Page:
YOUR WITNESSES CANNOT BE:
•Your health care provider or an employee of your health care provider.
•Your agent or alternate agent(s).
•An operator or employee of an operator of a community care or residential care facility.
At least one of the witnesses cannot be related to you by blood, marriage or adoption, be named in your will, or be someone who would benefit from your estate.
What should I do after I have my AHCD signed and witnessed?
•Make several copies of the form. Keep the original in a place where you can find it easily, and tell others where you put the forms. Do not keep your AHCD in a safe deposit box because other people may need to find it quickly in an emergency.
•Return the original signed and witnessed form to your doctor at your next visit. Your doctor will include it in your medical records.
•Give photocopies to your agent and alternate agent (s). Be sure that everyone who might be involved with your health care, such as your family, clergy, or friends has a copy. Photocopies are just as valid as the original.
•Make a list of all the people and facilities who receive copies of your AHCD.
•Keep a copy for yourself in a visible, easy-to-find location and not locked up in a drawer.
•Take a copy of the form with you if you are going to be admitted to a hospital, nursing home, or other health care facility.
What if I change my mind after completing my AHCD?
You can change or cancel your AHCD at any time. Remember to get back all the old forms and replace them with your new AHCD forms.
Where can I find more information about
Advance Health Care Directives?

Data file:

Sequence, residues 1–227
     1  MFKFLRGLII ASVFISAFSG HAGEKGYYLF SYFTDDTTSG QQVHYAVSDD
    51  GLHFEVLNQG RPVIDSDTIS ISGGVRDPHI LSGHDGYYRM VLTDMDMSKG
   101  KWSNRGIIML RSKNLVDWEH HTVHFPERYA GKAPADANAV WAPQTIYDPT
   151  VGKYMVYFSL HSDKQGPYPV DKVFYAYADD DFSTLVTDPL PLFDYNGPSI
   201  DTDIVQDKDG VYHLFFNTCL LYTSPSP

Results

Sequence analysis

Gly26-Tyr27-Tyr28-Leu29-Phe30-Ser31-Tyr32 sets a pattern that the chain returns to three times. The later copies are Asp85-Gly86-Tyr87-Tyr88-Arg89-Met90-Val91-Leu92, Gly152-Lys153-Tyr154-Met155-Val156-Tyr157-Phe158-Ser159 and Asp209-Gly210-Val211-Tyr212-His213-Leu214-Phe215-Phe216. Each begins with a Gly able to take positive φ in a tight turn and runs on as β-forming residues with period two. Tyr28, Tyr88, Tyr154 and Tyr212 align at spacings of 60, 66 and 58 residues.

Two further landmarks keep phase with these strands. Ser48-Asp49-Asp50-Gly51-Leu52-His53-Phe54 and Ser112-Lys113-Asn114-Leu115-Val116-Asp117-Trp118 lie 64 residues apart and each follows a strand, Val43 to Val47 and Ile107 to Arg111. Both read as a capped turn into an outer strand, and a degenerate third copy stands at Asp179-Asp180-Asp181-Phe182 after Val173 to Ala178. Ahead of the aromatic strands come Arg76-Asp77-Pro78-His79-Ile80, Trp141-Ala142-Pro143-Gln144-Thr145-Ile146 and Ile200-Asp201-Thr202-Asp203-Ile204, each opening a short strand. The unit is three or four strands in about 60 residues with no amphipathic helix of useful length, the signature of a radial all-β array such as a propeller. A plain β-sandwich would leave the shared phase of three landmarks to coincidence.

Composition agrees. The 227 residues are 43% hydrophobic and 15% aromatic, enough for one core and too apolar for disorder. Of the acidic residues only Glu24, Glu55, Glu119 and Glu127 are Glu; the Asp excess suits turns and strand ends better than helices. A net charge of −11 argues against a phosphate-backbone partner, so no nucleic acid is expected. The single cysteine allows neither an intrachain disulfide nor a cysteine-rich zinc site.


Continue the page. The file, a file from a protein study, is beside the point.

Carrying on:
•Contact your local Kaiser Permanente Health Education Center or Department.
•Connect to our Web site at kp.org and enter “writing an advance directive” in the search box.
•You can also visit your doctor’s home page at kp.org/mydoctor if you are a Kaiser Foundation Health Plan member in Northern California. Go to the “Health Information and Resources” section on the left navigation bar, then click “advance care planning.”
DECIDE WHAT IS
IMPORTANT TO YOU
The following information can help you decide on the type of care that is right for you in case you become seriously ill or come to the end of your life. Use the
attached PERSONAL HEALTH CARE INSTRUCTIONS COMMUNICATION FORM to share your
wishes with your health care agent, other loved ones, and your health care providers.
Your Quality of Life, Values, and Decisions – An important step in helping your agent understand your wishes is to communicate what gives value to your life. There are many things to consider. Be sure to tell your agent your beliefs about serious illnesses and death. If you were found to have a serious illness, to what extent do you want to be treated? Do you want to be on life support?
Treatment choices – It is important to think about different situations where you would need treatment. Think about what types of treatment you would want for sudden illness, for example, a heart attack, or for an illness that could end your life, such as cancer.
For each illness, think about what type of treatment you would want. Be sure to communicate this to your agent.
Examples of Life Support Treatments:
CPR or cardiopulmonary resuscitation – when your heart stops
cardio = heart
pulmonary = lungs
resuscitation = try to restart
This kind of treatment involves all of these actions:
•Pressing hard on your chest to try to pump the blood, sometimes so forcefully that it breaks ribs.
•Using electrical shocks to try to restore heart beat.
•Placing a tube into your windpipe attached to a bag to pump air into your lungs.
•Injecting medicines into your veins.